FRACTIONAL GROUND COVER MONITORING OF PASTURESAND AGRICULTURAL AREAS IN QUEENSLAND
Michael Schmidt, Robert Denham and Peter Scarth
Department of Environment and Resource ManagementClimate Building80 Meiers RdIndooroopilly QLD 4068
Vegetation cover is a critical attribute of the landscape, affecting infiltration,runoff, water erosion and wind erosion. Ground cover relates to living and non-living materials on the soil surface of the lower strata (<2m). Besides the directeconomical value for graziers, varying levels of ground cover have indirecteconomical and major ecological implications on productivity, land condition andbiodiversity. Remote sensing offers one of the few cost effective approaches tomonitoring long term ground cover change over large spatial extents. InQueensland’s dryland ecosystems, changes in ground cover are generallyrelated to management practices and climate influences. The spatial resolutionof Landsat TM and ETM+ (Thematic Mapper and Enhanced TM Plus) imageryprovides relevant information to monitor ground cover and to inform naturalresource management decision makers.Three ground cover prediction algorithms are evaluated based on 692 fieldsites: (i) a regression based bare ground prediction, (ii) multiple logisticregression algorithms, and (iii) a spectral unmixing approach. The estimates of(ii) and (iii) include fractions of bare ground, green vegetation and senescentvegetation. The three models estimate bare ground with a root mean squareerror of 16.9%, 14.6% and 17.4% and a median average error of 10.1, 10.6 and11.5, respectively. Although the algorithms were trained in pasture field sitesacross the State of Queensland, the three approaches show correlations withground cover field observations in an agricultural area of r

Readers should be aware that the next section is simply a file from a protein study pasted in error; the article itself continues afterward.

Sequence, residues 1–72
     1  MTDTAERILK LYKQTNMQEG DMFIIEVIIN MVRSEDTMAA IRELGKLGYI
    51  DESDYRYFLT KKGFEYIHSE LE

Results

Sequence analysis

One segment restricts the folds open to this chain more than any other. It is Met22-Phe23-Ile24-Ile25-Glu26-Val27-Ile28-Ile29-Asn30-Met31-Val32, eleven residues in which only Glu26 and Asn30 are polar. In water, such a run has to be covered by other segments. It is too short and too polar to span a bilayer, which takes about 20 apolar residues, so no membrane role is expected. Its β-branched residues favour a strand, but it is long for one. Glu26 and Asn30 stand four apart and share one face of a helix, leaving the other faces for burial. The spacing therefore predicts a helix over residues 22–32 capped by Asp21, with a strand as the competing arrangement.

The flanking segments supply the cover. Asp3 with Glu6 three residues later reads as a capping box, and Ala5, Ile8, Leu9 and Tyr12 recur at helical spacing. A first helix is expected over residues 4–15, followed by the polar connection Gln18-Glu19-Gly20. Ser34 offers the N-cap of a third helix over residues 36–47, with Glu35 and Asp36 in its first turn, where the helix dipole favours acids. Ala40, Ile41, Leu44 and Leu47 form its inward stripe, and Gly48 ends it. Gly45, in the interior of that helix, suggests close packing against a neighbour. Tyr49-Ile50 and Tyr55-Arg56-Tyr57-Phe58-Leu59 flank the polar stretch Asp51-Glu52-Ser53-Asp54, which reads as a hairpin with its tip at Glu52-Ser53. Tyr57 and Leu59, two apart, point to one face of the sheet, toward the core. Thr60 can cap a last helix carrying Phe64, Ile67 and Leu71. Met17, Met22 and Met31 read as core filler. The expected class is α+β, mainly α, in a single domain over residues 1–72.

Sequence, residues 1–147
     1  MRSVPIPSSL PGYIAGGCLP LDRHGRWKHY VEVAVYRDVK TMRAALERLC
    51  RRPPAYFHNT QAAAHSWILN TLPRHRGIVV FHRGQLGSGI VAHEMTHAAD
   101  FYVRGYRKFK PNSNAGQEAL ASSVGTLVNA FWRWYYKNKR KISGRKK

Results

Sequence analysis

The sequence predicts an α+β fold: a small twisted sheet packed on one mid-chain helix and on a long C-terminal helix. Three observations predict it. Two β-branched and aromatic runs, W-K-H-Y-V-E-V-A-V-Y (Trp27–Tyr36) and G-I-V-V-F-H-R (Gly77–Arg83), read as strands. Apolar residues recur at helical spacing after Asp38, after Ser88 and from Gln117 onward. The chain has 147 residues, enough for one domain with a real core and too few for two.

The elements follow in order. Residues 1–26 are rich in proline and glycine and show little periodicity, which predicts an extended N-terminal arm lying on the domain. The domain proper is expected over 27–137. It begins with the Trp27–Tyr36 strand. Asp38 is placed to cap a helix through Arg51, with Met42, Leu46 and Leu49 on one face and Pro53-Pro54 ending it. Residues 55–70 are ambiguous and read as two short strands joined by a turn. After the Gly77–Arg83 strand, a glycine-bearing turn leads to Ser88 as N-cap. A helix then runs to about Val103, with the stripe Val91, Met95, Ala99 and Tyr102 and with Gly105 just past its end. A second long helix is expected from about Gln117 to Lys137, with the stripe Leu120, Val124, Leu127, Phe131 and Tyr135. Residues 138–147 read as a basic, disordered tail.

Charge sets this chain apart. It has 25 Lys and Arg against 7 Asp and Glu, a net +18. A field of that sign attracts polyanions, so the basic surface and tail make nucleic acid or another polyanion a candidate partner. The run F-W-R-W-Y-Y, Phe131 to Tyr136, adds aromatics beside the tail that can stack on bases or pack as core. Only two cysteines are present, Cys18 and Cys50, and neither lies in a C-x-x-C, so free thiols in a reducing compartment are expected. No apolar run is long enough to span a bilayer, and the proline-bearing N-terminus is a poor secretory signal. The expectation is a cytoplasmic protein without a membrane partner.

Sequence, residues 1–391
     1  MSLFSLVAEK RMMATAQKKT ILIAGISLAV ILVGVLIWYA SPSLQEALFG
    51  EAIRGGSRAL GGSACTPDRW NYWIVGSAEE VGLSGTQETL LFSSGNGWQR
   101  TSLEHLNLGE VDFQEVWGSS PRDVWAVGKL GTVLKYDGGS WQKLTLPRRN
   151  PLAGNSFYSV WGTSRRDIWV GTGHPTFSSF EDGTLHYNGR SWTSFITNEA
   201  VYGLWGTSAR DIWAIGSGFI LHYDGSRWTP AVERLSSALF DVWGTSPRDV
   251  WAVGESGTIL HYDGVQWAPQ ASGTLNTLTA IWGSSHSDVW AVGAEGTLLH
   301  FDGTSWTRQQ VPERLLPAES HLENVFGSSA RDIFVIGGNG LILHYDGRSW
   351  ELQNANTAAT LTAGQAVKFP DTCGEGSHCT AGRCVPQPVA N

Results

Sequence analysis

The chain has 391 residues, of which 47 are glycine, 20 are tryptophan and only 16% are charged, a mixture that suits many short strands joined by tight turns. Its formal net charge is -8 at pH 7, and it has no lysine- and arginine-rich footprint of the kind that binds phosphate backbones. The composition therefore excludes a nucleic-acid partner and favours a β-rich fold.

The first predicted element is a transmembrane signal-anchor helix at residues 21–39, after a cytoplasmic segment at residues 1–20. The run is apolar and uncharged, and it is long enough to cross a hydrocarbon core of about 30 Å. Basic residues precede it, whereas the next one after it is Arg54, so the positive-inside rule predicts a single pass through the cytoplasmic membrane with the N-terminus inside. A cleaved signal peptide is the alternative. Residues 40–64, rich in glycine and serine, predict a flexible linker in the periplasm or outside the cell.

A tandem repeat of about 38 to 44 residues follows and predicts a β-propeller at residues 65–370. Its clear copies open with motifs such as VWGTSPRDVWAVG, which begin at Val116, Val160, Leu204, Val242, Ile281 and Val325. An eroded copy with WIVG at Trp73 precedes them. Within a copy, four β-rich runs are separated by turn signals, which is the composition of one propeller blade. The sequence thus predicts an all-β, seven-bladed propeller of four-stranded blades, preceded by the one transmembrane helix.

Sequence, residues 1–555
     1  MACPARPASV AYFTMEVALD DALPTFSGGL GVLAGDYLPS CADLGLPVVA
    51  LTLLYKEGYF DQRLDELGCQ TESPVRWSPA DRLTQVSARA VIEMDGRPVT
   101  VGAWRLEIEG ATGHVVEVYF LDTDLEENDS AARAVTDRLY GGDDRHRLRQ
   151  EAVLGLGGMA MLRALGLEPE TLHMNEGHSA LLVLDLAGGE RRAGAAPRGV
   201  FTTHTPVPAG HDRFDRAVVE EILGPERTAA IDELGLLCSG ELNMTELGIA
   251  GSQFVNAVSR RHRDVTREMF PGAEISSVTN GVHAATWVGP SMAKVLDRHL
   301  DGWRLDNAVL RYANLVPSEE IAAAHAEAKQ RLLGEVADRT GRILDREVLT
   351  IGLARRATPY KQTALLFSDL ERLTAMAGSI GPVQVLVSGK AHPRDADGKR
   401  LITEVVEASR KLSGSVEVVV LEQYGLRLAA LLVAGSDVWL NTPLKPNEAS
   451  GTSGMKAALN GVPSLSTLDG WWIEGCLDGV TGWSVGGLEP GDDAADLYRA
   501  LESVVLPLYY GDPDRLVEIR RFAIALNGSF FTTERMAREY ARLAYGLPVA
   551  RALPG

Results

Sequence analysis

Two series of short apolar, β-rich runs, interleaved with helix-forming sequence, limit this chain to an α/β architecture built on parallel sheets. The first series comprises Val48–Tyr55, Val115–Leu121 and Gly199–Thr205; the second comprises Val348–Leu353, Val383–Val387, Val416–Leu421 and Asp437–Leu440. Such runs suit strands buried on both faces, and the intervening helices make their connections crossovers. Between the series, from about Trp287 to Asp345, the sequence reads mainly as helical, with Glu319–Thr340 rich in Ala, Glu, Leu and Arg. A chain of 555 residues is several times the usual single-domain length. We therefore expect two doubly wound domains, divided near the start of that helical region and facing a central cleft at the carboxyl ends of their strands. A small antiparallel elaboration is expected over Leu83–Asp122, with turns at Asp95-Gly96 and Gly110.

=0.56, respectively. The utility of ground cover production models acrosspastoral and agricultural land uses requires further consideration for accuracyand operational efficiencies.
Dynamic ground cover information is important for soil erosion and nutrient fluxestimates into the stream network. These are of particular interest incatchments adjacent to the Great Barrier Reef (Karfs et al. 2009, QueenslandGovernment 2009). Episodic interactions of low ground cover with heavyrainfall, often arising after overgrazing and during periods of droughts or lowrainfall, have led to eventual catchment degradation in many Australian